- Just one in 12 people manage to keep the promises they made toasting in the New Year.
- Goals that are intrinsically motivating result in more substantial and lasting changes in behaviour.
- Goals are an ambition for improvement, but it’s important to recognise that setbacks are common.
By Fiona Smith
Back from your summer break, you slide into the usual groove. You begin the work year with the best of intentions, but too soon the only reminder of your New Year’s resolutions is the stray champagne cork found wedged between the cushions of your couch…
Don’t be surprised if this sounds like you. Experts say just one in 12 people manage to keep the promises they made toasting in the New Year.
There is a world of difference between wanting things to happen, and making them so. “If wishes were horses, beggars would ride,” goes the Scottish proverb.
Executive coach and chair of the Stephenson Mansell Group, Virginia Mansell, says the summer break is a hiatus where people can take time to pause and reflect.
“It is a really cleansing thing to do,” she says. “Through that reflection, they can decide what is working well in their life and what they want to change. It is like taking an overview of your life from a health, mental, social, wellbeing, spiritual point of view.”
The value of individual goals
At work, you can get on the front foot with goal setting, presenting your manager with a well-thought-out strategy, rather than waiting to have your goals dictated to you, says Mansell.
“If you are proactive, most leaders and managers are going to welcome that.”
Whether you are making plans for your personal life or work, you will need a system to help you prioritise and stay focused.
Globally, 83% of companies ask managers and employees to set individual goals for their work. However, these individual goals may not align with a company’s broader objectives, according to research by human resources consultancy Mercer.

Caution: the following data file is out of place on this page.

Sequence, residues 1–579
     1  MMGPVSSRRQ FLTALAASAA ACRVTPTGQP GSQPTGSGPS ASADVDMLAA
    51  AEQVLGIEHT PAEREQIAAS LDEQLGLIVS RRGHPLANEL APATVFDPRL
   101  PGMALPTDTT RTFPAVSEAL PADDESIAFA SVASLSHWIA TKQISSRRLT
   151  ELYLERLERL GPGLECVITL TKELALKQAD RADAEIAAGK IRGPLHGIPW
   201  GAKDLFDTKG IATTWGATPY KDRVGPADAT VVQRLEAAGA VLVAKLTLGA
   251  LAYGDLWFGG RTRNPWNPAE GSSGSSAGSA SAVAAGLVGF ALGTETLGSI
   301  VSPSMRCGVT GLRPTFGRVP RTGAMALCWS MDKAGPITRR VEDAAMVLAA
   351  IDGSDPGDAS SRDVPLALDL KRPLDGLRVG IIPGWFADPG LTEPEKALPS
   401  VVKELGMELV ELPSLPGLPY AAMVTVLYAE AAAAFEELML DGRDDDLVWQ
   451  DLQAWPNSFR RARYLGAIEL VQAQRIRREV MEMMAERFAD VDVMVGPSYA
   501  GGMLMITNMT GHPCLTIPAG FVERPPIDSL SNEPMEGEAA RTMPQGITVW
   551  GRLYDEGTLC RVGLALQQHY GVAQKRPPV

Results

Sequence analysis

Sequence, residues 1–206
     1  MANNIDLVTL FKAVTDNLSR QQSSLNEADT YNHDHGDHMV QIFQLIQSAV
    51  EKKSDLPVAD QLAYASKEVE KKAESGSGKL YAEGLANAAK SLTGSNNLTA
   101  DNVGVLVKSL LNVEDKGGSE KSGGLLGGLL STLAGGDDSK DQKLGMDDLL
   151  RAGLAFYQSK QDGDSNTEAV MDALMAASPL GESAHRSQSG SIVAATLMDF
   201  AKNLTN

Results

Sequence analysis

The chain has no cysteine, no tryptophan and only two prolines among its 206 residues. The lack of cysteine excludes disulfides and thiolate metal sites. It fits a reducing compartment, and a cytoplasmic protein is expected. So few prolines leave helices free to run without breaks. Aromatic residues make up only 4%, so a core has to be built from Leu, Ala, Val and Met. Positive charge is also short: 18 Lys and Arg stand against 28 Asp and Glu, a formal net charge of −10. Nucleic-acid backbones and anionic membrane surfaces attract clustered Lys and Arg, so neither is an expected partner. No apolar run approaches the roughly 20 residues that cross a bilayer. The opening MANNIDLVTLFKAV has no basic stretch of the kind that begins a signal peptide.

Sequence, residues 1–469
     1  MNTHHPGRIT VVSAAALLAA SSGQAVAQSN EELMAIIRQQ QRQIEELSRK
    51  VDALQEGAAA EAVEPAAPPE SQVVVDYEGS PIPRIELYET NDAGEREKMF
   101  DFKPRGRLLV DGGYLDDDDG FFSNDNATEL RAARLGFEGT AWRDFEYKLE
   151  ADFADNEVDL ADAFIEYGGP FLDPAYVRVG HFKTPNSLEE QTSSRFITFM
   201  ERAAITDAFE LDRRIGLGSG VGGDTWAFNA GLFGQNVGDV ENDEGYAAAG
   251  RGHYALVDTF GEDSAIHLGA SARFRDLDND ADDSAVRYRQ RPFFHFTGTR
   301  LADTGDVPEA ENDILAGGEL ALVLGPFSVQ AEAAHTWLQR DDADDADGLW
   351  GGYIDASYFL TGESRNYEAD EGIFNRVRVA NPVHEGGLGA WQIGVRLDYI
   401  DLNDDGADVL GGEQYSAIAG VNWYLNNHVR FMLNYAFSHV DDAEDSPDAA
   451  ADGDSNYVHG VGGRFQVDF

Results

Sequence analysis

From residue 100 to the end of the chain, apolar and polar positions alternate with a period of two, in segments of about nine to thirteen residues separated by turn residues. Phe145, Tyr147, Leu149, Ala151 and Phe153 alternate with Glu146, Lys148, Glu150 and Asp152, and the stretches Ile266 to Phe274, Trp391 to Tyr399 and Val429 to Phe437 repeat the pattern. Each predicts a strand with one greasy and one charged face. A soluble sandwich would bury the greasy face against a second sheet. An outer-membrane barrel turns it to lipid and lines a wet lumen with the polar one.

“Without linkage of employee goals to broader business unit goals or company priorities, it is unlikely that individuals will understand how they can contribute to the company…,” it warns in its 2019 Global Performance Management Survey.
At work, your individual goals should be linked to company strategy through a performance management system, which often includes non-work personal targets as well.
Are SMART goals always smart?
A popular framework, used for personal and professional goal-setting, carries the acronym SMART. It encourages goals that are Specific, Measurable, Achievable, Realistic and Time-Bound.
Many people learn about SMART in high school or university and it is often used as a guideline at work, but the framework also has its critics, who say it sets the bar too low.
Writing in the Harvard Business Review, management consultant Dick Grote says: “No-one is going to set goals that don’t seem attainable or realistic, but a manager’s weakest subordinates may glom on to the A [achievable] and the R [realistic] in the acronym as their justification for setting goals at the shooting-fish-in-a-barrel level of challenge.”
The formula also provides no help in deciding whether the goal is a good idea. “In other words, a goal can easily be SMART without being wise,” says Grote. (See “5 goal-setting must-knows”.)
Dr Bernice Plant, a research fellow at Monash University’s BehaviourWorks Australia (part of the Monash Sustainable Development Institute), says she doesn’t have a problem with SMART goals, which align with her research about what works.
“From a behaviour-change perspective, we would lean towards making goals specific and measurable and timely,” she says, adding they should also be achievable and realistic so they are not self-defeating.
“You want to keep your confidence in your ability to achieve your goal high. If you think you won’t achieve it, then you probably need to revise your goal.”
Find the right motivation
Goals that are intrinsically motivating have been shown to result in more substantial and long-lasting changes in behaviour, according to Plant. Your actions are naturally satisfying if they stem from intrinsic motivations, rather than being driven by external rewards, such as social status or money.
“These are things that align with your personal interests, values or needs, rather than by how other people are going to perceive you, or what is expected of you by others,” she explains.